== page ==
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Typically in statistical software, the default confidence level is 95%. The higher the better, I suppose. But this is still not a rule of thumb, right? In Stock and Watson's paper (https://www.aeaweb.org/articles/pdf/doi/10.1257/jep.15.4.101), they use a 66% confidence level. While they did not explain why 66, not 95, I guess it makes some IRFs (which would be insignificant at 95%) more significant. For example, in their original paper, interest rate shock to inflation appears significant at a 66% confidence level, but my estimation at a 95% confidence level shows it is not significantly different from zero. I am not criticizing this paper or anything like that, but it appears the choice of the level of confidence is at the discretion of the researcher, either arbitrarily or purposefully. If this is not the case, what would make one choose a confidence level of 66% and not 95%, or even 99%?

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  1. Yes confidence level always depends on choice of a researcher (at least in principle). There is no reason to use $90\%$, $95\%$ or $99\%$ level either - it is more or less just convention. For example, in physics they use three-sigma or five-sigma significance which corresponds to confidence levels of $99,7\%$, $99.99997\%$ (and even higher ones can be reported).

    However, this being said once literature settles at a particular convention you will be fighting an uphill battle. For example, you would have hard time publishing in physics results that are not at least $3\sigma$ or $5\sigma$ significant without very good explanation. In economics, usually people settle for $95\%$ level. Just because you can pick any significance/confidence level that does not mean others will accept it.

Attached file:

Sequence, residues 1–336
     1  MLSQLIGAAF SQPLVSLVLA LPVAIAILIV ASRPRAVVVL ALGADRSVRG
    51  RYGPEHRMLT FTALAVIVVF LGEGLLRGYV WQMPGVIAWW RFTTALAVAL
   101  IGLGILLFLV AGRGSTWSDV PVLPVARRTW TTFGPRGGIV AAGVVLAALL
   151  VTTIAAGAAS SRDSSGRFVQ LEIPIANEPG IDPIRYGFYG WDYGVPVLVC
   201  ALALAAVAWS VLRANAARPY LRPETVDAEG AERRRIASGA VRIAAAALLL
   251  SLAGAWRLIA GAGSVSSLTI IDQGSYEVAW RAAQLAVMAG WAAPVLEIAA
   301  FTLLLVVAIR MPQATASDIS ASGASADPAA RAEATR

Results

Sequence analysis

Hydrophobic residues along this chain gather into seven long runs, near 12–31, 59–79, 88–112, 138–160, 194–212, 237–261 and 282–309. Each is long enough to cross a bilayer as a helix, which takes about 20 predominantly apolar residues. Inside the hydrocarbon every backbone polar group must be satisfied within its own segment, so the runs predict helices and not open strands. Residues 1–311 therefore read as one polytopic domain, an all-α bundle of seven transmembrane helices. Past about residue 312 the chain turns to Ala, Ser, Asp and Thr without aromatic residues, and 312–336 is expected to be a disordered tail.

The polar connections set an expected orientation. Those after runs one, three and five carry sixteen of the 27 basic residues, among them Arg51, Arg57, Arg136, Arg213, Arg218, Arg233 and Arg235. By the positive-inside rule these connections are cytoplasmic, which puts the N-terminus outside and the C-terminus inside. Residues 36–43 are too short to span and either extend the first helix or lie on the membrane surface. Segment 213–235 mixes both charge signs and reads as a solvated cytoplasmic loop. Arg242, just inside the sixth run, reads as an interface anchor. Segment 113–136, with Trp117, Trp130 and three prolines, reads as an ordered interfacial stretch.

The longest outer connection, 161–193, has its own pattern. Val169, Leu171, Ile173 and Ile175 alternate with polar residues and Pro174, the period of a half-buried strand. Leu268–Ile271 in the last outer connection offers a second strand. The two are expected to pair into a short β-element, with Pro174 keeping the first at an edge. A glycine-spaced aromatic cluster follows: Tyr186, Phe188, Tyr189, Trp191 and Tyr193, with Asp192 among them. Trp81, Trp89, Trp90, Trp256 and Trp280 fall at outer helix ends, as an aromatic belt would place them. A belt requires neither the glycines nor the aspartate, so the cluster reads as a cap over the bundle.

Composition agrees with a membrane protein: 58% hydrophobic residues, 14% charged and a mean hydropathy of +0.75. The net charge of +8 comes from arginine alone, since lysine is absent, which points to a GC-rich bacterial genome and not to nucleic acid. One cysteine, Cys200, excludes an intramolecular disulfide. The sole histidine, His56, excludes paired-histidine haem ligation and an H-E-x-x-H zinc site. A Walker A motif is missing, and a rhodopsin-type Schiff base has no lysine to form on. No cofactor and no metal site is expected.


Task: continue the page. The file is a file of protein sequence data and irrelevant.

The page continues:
2. They actually do explain why there is $66\%$ confidence interval. According to Stock and Watson:

Also plotted are $\pm 1$ standard error bands, which yield an approximate 66 percent confidence interval for each of the impulse responses.

When it comes to VAR impulse responses (and forecasting in general) it is conventional to plot $\pm 1$ standard error bands. This is also often done when people estimate DSGE models so it is more or less conventional practice. This is ultimately arbitrary choice on which people somehow settled.

Also note reporting 1 standard error deviation error bars does not mean the variable was significant at only $66\%$ confidence level - for example $\hat{\beta}=30$ with $SE(\hat{\beta} )=1$ would have $t$-stat $=30$, would be significant at any conventional significance used in economics (in any reasonably sized sample). That does not prevent you from constructing 1 standard error bars (i.e. $30 \pm 1$).

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  • $\begingroup$ Comments are not for extended discussion; this conversation has been moved to chat. $\endgroup$
    – 1muflon1
    Nov 26 '20 at 10:29

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